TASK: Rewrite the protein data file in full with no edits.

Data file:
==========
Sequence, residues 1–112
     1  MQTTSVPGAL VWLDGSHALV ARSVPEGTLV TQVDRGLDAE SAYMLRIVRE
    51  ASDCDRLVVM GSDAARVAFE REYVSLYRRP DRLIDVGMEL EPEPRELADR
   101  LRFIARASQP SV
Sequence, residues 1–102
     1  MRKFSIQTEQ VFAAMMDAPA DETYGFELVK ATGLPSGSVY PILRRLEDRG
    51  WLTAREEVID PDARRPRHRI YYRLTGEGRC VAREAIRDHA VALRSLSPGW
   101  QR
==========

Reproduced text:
Sequence, residues 1–112
     1  MQTTSVPGAL VWLDGSHALV ARSVPEGTLV TQVDRGLDAE SAYMLRIVRE
    51  ASDCDRLVVM GSDAARVAFE REYVSLYRRP DRLIDVGMEL EPEPRELADR
   101  LRFIARASQP SV
Sequence, residues 1–102
     1  MRKFSIQTEQ VFAAMMDAPA DETYGFELVK ATGLPSGSVY PILRRLEDRG
    51  WLTAREEVID PDARRPRHRI YYRLTGEGRC VAREAIRDHA VALRSLSPGW
   101  QR